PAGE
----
When you start to train, especially as a beginner, you will see crazy results in the beginning weeks of your training. This is mainly due to the fact that your body hasn’t been trained before and adapts quickly to training of specific muscles. When the body gets used to the similar intensities of the workouts, the body gets used to it and you end up not seeing little, if any results. In weeks 8-10 of your marathon training, you might feel as if you’re not improving at all.
You feel as if you’re running hard and fighting to finish the recommended mileage every week but next week, you’re still having trouble completing that same distance. What happened??? Why aren’t you improving week by week?
In article by Coach Jenny, Breaking through a Plateau, she advised a 43 year old woman to break through her plateau.
“I’m 43 and started a weight-loss program in January. I’ve lost 41 pounds and would like to lose 40 more. But I’ve plateaued and don’t know what to do. I record my calories and have been walking 2 miles a day; recently I started to add in some jogging. Can you help me get past this plateau? – Kim”
Congratulations to Kim for losing that first 40 pounds! Just because Kim has already lost 40 pounds, she has the right habits in place to make losing the next 40 pounds much easier.
The biggest reason why she experienced a plateau is because her training is the same old thing every day. If you train by running or walking the same distance with the same intensity on all your workouts, there is no progression.
photo credit: LuLu Witch
The problem with doing the same workout everyday is that your body isn’t being challenged. Think of it like this: if you ask a 2nd Grade student, “What’s 4×4?” That student doesn’t know. If you tell him the answer of 16, he now knows. BUT, if you ask him the next day, “What’s 4×4?” He’ll say 16. You keep asking him everyday that same question and he’ll tell you that same answer. If you wanted to challenge him and ask, “What’s 4×5?” he wouldn’t know because he hasn’t learned how to do it.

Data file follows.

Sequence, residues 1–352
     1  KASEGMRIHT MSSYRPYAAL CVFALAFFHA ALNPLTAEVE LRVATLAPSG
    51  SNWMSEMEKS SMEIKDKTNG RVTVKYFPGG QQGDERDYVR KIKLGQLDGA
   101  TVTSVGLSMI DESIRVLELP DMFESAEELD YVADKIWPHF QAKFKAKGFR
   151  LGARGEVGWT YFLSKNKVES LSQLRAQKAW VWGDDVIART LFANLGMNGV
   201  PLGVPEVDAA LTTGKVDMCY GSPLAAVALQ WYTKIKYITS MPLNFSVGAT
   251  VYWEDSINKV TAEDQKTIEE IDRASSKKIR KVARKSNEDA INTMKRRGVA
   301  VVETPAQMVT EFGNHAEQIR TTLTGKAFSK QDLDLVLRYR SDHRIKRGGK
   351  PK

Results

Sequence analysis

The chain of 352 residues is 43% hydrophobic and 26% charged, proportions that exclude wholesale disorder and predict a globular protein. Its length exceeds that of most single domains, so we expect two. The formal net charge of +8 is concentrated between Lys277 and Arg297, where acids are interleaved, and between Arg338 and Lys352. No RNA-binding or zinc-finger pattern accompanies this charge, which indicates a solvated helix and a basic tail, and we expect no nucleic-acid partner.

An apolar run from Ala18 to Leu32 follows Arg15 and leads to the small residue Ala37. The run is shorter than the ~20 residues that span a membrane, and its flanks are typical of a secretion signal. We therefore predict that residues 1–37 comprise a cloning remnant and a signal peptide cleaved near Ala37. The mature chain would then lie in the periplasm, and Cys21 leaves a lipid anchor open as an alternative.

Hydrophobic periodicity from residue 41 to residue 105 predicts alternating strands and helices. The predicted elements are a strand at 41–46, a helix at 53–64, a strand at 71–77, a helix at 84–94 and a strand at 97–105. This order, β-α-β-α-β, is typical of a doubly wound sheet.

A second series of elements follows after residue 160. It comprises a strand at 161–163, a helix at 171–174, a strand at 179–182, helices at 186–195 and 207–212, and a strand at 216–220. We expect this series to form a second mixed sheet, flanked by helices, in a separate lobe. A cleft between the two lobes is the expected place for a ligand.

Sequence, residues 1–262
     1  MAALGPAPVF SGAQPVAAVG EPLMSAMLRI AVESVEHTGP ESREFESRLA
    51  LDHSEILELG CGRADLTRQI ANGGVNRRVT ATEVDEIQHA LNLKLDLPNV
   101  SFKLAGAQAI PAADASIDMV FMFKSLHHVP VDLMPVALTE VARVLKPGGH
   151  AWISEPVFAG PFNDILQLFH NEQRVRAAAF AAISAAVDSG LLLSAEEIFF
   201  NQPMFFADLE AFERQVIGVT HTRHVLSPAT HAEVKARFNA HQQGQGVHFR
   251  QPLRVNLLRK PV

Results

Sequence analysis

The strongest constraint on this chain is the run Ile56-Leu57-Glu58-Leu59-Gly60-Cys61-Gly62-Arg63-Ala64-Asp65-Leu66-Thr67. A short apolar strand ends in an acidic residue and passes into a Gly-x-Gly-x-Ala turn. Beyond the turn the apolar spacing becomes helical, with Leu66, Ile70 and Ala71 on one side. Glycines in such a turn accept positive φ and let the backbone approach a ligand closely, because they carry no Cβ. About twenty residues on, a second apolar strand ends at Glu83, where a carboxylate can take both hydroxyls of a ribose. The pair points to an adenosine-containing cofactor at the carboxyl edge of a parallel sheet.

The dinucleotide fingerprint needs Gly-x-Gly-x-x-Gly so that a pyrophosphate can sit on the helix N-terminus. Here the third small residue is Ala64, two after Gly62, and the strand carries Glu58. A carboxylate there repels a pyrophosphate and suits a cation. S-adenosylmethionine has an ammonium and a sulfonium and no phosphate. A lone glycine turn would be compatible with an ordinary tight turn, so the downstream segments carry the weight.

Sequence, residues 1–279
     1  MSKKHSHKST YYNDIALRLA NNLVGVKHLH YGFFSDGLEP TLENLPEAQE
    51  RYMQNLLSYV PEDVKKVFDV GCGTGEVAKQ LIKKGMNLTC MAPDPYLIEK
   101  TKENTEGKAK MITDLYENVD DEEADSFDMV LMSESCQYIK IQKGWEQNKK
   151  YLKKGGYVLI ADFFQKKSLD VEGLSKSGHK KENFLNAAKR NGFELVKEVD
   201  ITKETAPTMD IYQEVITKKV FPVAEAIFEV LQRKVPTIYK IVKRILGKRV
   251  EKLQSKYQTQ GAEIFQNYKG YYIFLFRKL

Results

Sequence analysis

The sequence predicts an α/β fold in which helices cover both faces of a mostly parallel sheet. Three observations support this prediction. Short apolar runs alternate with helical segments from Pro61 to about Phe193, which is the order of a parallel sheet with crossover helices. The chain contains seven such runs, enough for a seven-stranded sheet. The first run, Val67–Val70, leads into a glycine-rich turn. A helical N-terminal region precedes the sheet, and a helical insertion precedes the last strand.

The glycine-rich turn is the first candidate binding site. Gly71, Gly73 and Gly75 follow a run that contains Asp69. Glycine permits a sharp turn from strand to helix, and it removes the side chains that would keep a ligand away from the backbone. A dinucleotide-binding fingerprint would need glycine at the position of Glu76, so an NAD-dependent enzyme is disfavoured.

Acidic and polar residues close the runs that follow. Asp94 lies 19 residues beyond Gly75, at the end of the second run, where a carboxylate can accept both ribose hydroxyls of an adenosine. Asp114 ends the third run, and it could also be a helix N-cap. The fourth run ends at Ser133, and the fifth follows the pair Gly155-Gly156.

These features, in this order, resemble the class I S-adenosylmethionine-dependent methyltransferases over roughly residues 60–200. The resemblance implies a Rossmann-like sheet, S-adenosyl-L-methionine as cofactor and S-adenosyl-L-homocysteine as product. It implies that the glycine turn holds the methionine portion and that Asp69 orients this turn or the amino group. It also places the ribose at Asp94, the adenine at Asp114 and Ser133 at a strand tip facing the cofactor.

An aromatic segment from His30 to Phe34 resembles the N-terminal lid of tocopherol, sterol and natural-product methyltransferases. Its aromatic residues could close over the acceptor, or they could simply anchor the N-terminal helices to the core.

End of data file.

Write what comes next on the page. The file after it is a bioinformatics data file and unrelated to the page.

This is the same with your body and running a marathon. If you ask it to run longer distances after running the same distance for the last 2 weeks, it will have issues adapting. If you were to keep running the same distance, you won’t be ready for the marathon ‘cause your body isn’t ready for that distance. By now, you’re probably thinking “that’s cool, but what do I do???” …I’m getting there.
There are many components of your training you can change up but I would recommend the two most effective methods:
1) Don’t run back to back training sessions with the same mileage or intensity
2) Cross train to challenge yourself
Spicing Your Workouts Up
Changing your workouts is a good idea when training for a marathon. When you begin to train on alternate days and mix up the level of intensity and the distance being ran, you really keep your body guessing because it doesn’t get comfortable with a distance or intensity.
Cross Training Your Way to Tearing Down the Plateau
Cross training simply means to train the same muscles you use when running through different mediums/sports. For example, an elliptical is an option because it mimics the similar movements of running. I personally like to swim because of the pressure it puts on the lungs and challenges my endurance.
Now It’s Your Turn
Have you plateaued while training for your marathon? If you overcame it, share what you did or what you are doing now to make it a thing of the past. Also, what’s your favourite way to cross train?